There are exceptions to the new law, including provisions to let some
workers continue a four-day, 10-hour schedule without being paid
overtime, allow employees to work up to 11 hours in one day without
triggering daily overtime to make up for personal time off in the same
workweek, and to let an individual firm’s employees approve an
alternative work schedule by a two-thirds, secret-ballot vote. The
measure also does not extend the eight-hour day to long-exempt
agricultural employees or to public employees. Note: In short, this
law is less than worthless, which makes me wonder why Californians put
up with a Legislature that wastes so much time and resources on a
“major” piece of largely worthless law. And what’s this “secret ballot”
- Still another measure signed by Davis prohibits employers
from firing workers over age 40 — or refusing to hire them — simply
because a younger person would do the same job for less money (now
that’s going to be easy to enforce).
There are more, of course — over a thousand more — but
you get the drift.
Ironically, few Americans dispute the need for some laws.
Without them a society would quickly degenerate into anarchy.
But come on. Davis and Co.’s prescription for how to govern is more
endemic of a Hitler, Mao or Stalin, not a Washington or Madison. The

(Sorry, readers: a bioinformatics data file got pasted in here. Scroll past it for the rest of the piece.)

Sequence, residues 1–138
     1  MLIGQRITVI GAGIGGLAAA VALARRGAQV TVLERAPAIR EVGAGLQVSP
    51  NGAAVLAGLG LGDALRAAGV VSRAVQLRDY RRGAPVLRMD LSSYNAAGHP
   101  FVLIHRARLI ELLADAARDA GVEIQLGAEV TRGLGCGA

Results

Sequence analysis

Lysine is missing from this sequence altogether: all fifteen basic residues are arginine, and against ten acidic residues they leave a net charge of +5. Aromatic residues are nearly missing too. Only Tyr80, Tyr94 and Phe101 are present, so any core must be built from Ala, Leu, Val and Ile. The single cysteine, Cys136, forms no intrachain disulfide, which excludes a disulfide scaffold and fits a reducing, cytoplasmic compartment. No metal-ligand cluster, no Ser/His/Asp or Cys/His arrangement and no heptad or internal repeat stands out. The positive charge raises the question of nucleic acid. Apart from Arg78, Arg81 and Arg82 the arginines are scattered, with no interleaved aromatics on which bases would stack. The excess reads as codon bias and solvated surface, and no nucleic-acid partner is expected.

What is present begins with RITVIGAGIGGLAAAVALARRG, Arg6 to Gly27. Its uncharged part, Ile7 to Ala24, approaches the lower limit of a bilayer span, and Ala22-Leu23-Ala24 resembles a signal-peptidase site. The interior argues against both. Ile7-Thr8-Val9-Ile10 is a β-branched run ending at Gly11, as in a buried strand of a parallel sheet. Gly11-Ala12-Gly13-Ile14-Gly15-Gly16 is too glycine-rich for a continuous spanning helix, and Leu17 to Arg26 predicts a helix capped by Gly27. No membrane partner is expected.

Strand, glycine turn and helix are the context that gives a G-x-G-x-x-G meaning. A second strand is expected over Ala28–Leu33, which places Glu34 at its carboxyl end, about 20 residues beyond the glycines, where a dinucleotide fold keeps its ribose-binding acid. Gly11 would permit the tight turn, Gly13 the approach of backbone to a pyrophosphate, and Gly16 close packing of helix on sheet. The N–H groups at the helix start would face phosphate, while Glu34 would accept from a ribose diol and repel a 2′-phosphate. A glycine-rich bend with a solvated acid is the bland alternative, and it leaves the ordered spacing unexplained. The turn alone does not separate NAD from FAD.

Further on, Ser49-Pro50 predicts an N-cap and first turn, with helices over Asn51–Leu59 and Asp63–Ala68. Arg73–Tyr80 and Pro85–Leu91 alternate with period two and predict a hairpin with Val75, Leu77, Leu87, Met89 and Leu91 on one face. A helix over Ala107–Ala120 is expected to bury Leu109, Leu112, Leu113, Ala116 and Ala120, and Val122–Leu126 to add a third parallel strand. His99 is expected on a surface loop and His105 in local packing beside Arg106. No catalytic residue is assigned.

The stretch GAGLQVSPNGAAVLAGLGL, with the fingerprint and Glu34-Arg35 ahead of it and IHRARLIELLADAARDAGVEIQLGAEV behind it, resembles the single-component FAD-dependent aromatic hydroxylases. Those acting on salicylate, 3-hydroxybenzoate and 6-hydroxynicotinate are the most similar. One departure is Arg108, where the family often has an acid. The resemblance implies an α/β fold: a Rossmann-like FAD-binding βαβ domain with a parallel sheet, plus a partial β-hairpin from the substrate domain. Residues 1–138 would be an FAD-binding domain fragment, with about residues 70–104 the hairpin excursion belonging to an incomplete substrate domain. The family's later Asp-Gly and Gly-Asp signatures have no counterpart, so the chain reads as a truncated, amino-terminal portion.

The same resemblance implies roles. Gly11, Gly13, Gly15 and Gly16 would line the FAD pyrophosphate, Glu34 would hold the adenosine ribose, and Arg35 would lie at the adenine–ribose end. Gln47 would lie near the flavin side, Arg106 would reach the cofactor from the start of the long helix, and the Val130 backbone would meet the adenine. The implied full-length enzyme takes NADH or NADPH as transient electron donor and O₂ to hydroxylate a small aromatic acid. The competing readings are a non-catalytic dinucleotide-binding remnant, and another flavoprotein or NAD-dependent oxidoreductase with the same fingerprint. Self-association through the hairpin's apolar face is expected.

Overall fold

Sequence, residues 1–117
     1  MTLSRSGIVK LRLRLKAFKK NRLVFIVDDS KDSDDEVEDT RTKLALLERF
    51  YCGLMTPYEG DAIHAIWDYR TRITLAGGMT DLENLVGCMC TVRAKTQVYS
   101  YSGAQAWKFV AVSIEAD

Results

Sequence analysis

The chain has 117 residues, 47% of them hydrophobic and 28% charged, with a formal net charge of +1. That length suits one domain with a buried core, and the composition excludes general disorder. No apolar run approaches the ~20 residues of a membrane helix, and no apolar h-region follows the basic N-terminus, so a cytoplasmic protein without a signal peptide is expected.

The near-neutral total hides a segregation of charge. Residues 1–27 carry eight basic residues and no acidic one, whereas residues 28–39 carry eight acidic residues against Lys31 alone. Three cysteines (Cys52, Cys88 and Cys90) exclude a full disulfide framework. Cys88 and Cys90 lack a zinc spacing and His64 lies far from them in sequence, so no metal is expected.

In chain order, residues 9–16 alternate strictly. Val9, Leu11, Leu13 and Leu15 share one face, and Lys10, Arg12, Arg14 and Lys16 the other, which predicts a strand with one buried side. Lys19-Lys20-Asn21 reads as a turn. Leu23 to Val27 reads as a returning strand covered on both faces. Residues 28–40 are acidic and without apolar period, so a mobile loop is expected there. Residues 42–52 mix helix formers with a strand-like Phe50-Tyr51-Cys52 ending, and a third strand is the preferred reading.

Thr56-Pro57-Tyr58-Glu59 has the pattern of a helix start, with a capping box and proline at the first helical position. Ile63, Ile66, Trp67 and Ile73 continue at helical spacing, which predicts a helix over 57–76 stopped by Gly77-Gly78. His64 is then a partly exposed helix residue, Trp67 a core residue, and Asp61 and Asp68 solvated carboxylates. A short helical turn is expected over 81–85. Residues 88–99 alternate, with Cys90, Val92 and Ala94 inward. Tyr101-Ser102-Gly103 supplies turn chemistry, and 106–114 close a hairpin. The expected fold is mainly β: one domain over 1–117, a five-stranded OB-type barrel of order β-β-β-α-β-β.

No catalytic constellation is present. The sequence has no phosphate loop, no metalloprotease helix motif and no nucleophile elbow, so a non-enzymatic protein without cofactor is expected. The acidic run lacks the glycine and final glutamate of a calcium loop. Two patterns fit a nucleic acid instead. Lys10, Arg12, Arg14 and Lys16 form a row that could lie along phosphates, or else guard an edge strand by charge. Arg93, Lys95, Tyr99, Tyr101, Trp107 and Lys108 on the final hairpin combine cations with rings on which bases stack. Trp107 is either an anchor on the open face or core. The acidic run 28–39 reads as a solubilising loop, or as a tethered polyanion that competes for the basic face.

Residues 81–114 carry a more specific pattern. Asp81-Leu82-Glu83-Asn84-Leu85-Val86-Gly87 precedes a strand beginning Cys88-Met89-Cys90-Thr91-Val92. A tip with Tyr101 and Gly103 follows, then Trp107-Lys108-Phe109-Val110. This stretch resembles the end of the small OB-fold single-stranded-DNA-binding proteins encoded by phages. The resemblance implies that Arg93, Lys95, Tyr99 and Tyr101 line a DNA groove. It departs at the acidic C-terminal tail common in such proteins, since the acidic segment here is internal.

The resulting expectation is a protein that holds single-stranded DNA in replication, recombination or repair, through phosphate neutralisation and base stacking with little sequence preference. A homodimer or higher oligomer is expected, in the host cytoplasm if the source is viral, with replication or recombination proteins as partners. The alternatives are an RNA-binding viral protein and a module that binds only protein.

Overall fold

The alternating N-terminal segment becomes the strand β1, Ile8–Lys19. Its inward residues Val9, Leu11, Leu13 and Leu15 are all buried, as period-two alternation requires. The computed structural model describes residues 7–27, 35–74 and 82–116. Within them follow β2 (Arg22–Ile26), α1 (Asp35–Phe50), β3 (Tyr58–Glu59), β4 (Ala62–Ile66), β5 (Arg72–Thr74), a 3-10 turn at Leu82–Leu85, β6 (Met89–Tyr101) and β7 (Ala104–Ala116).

Founders’ original principle of few and finite sets of
laws is being completely ignored as this republic enters the new
millennium, in California and beyond.
Our Founding Fathers believed, correctly, that a free people demand
autonomy, not regulation. They foresaw, correctly, that this nation
would prosper with minimal government intervention but would
lapse into decay with overburdening micromanagement.
Then there are practical implications of having so many laws on the
books. How are law enforcement officials and our courts supposed to
keep up with thousands of new laws every year? Furthermore, did you
ever wonder why the law in general is often applied in an arbitrary and
capricious manner? Does the term exemption mean anything to you?
Well, it sure means something to lawyers, judges and law enforcement
agencies — such exemptions often give officials the latitude to decide
on their own how a law should be applied or what it actually means.
But what good is that? If the aim of new laws is to get compliance,
shouldn’t they be simple, easy to comprehend, straightforward and above
all — rare?
One final observation. If Gov. Davis considers passing over a
thousand new laws a “huge success,” I’d hate to see what he considers a
failure. I’d also hate to see how many new laws he and his socialist
co-conspirators in the state Assembly can concoct during his
remaining three years in office. Doesn’t look good to me.
The lesson voters in all states should learn here is one they
should take to the polls with them next November when it’s time to
choose a new president and new congressional members: “He (or she) who
wears the hat of big government should be sent home in defeat.”
Needless to say, Joe, please accept my apology for questioning your
judgement. I understand now.